During the breeding season, these birds are almost exclusively found in marshes and other wet areas. Females build nests in between dense grass-like vegetation, such as cattails, sedges, and bulrushes. Males aggressively defend the nest against intruders, and I have even been attacked by Red-winged Blackbirds while walking near the swamp in my backyard!

When it’s the nonbreeding season, Red-winged Blackbirds spend much of their time in grasslands, farm fields, and pastures looking for weedy seeds to eat. It’s common for them to be found in large flocks that feature various other blackbird species, such as grackles, cowbirds, and starlings.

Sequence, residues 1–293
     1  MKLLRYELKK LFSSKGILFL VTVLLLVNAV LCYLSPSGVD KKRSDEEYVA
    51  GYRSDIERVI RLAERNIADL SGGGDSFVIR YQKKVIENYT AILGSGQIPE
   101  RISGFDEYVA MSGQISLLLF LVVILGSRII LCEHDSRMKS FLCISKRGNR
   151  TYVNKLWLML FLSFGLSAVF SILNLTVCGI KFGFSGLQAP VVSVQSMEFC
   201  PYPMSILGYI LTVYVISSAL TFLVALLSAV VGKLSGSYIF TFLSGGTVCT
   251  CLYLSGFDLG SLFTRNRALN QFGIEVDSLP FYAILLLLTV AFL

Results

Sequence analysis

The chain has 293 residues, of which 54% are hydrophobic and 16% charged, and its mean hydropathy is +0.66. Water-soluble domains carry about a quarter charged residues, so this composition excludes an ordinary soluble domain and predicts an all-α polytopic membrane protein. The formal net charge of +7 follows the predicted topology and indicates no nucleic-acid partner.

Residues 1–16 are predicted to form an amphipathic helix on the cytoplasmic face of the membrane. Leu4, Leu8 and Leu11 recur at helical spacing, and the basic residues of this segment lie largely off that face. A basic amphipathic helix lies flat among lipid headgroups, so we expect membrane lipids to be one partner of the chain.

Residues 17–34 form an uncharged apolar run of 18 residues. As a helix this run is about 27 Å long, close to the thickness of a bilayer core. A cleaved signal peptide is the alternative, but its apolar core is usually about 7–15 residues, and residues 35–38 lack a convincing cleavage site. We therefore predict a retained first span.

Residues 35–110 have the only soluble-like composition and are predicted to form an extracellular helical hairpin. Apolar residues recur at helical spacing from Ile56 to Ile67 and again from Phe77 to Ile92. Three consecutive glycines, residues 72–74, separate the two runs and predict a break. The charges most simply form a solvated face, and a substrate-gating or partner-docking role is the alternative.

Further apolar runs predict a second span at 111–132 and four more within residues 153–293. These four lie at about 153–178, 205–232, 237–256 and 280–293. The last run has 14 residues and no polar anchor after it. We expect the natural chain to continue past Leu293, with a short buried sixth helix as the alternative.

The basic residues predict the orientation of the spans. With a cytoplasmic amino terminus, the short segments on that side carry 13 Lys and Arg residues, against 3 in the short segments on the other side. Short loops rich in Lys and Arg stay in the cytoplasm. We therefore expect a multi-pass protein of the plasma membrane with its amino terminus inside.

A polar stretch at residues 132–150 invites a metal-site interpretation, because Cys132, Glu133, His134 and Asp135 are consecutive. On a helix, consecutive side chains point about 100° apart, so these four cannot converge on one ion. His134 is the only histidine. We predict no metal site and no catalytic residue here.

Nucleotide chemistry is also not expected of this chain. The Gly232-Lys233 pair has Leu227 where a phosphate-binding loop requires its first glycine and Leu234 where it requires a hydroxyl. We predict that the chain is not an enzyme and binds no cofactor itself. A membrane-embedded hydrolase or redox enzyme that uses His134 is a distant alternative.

Red-winged Blackbirds are easy to identify by their sounds! (Press PLAY below)

If you visit a wetland or marsh in spring, you are almost guaranteed to hear males singing and displaying, trying to attract a mate. Listen for a rich, musical song that lasts about one second and sounds like “conk-la-ree!


Which of these birds have you seen before in New York City?

Leave a comment below!


To learn more about other birds you may see in New York City, check out my other guides!

 

The range maps above were generously shared with permission from The Birds of The World, published by the Cornell Lab of Ornithology. I use their site OFTEN to learn new information about birds!